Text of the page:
But God. When I was writing my first Bible study on the book of Joshua, over and over the phrase “but God” appeared when it seemed like all hope was lost. Hence, the title of that same Bible study became “But God” (see bottom of blog post for a link to the Bible study). Every time, I write that phrase I am quickly reminded that though our view is limited, our hope is minimal, and our options are bleak, God is the one and only true God, the powerful “I Am,” and He can do what we least expect. He is the reason our lens can refocus. As a student of God’s Word, I love to learn the Bible and read it, with so many verses lodged into my memory. Recently, while I was in the midst of feeling blah about life in general, God whispered to me through the fog. Intellectually, I know that none of this year has caught God by surprise. He knew it was coming. He knew how different nations would handle the pandemic. God’s authority and power still remain in control of the situation. I have not doubted that during any of this. I have not felt ignored or abandoned by God. Based upon my attitude towards the pandemic at times, however, I probably acted as though God was picking on me personally. Even during those times, I have still found myself asking God what His purpose in all of this is. All of this has not been for naught. God is very particular about His timetable and what He allows and permits and how He acts. He reminded me of the verse found in Acts 17:26 (see above) and then I felt the paradigm shift within me. Not only does God act intentionally but He also acts intentionally towards me. Not only did God allow this pandemic to occur right now during this season of life, but He also chose this specific time on the Kingdom calendar for me and for you to be alive through it. “[He] has determined their appointed times and the boundaries of where they live” is what we are told by Luke in Acts 17:26. God has a purpose in everything. In every single thing. There is a reason you and I are alive during this time in history. It’s time we seek Him and His will specifically for us in the midst of this. I don’t know what God is doing, why, or how, but I know He wants me to join Him in His work. No more wallowing, no more woes. Hopeful optimism has replaced the “woe is me” mentality. May God open our eyes to see where He is moving and wants us to join Him. Today is the day to step out in faith and recognize that life here is but a vapor. Eternity is forever. Oh that we would have an urgency to view life through an eternal lens and make the choices that will matter in eternity. Let’s look for an opportunity to be a light to those around us. Offer a kind word and a smile. Serve others with love. From God’s abundance, let’s spread love and His message to the hurting world around us.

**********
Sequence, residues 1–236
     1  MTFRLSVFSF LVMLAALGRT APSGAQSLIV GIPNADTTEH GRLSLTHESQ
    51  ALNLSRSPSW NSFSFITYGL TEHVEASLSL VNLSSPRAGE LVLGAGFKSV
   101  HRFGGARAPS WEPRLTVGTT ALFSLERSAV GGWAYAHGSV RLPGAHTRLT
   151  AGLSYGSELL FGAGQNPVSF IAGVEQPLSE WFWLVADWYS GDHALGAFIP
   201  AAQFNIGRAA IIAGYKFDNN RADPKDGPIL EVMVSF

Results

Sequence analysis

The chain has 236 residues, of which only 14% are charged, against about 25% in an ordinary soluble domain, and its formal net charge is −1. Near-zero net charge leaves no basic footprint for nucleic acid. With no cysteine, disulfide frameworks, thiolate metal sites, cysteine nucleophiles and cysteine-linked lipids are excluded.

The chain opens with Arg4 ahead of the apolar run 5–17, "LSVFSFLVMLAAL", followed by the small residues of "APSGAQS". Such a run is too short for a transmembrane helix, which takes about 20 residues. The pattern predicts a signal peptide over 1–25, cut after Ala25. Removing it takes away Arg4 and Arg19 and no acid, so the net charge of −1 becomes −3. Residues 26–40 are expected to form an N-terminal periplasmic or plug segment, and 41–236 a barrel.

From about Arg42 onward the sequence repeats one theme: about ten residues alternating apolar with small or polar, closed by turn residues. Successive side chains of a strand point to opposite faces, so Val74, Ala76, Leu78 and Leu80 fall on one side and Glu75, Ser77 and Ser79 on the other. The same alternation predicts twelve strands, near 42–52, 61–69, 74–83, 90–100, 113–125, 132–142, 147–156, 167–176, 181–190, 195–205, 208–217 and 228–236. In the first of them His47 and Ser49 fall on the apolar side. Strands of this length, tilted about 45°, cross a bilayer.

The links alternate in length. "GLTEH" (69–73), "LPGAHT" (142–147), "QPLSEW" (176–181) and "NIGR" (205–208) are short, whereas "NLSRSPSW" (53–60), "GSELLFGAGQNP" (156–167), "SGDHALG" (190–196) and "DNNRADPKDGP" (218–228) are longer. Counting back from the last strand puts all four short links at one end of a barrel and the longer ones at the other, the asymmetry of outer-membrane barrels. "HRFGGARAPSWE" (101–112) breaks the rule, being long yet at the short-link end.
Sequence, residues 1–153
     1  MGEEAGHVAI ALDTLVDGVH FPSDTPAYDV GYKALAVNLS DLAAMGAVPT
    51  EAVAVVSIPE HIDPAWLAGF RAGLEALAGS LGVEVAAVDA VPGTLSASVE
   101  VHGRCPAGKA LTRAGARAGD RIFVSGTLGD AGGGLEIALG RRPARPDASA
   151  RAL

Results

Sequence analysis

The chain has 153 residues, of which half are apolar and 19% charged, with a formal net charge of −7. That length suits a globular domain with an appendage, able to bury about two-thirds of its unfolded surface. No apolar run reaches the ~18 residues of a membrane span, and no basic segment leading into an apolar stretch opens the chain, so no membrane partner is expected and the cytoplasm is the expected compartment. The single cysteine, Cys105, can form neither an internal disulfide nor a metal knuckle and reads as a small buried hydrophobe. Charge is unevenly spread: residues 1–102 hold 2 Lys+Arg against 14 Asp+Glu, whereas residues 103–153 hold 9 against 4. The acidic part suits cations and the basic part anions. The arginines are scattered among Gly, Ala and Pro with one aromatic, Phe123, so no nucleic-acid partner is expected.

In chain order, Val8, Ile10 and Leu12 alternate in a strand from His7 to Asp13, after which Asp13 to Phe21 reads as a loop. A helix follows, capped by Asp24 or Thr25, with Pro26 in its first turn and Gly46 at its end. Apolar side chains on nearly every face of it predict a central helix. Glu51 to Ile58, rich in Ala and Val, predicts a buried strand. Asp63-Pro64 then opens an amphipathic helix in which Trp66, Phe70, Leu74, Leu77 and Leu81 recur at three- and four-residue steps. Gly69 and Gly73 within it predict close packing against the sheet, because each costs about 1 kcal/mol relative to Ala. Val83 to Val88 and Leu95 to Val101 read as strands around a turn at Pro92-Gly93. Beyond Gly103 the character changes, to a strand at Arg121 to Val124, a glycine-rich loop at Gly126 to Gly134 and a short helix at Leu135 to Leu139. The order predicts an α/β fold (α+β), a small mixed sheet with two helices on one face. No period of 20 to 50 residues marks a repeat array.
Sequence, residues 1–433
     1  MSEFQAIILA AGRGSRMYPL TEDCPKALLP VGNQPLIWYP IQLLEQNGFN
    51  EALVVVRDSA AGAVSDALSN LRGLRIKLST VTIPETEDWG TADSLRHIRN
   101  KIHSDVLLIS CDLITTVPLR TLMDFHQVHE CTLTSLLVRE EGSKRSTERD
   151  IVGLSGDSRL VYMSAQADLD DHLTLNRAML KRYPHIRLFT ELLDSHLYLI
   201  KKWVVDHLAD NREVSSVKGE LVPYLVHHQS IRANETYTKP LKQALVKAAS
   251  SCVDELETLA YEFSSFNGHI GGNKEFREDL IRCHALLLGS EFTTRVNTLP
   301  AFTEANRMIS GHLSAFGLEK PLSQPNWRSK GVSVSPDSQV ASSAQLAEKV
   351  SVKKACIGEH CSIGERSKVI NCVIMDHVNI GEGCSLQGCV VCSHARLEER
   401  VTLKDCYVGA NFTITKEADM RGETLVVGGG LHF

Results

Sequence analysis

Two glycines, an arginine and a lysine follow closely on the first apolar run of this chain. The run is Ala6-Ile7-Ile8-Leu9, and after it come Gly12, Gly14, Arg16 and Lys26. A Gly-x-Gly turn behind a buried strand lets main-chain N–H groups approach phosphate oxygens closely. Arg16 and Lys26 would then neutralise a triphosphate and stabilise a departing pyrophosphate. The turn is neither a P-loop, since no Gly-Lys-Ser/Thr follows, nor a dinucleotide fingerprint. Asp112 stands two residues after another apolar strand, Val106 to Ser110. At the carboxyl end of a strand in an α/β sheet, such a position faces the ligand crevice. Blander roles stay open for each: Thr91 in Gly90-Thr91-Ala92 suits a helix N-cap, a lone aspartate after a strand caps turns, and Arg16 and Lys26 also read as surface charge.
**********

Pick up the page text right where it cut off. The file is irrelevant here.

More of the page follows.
Click here to view the Bible study, But God.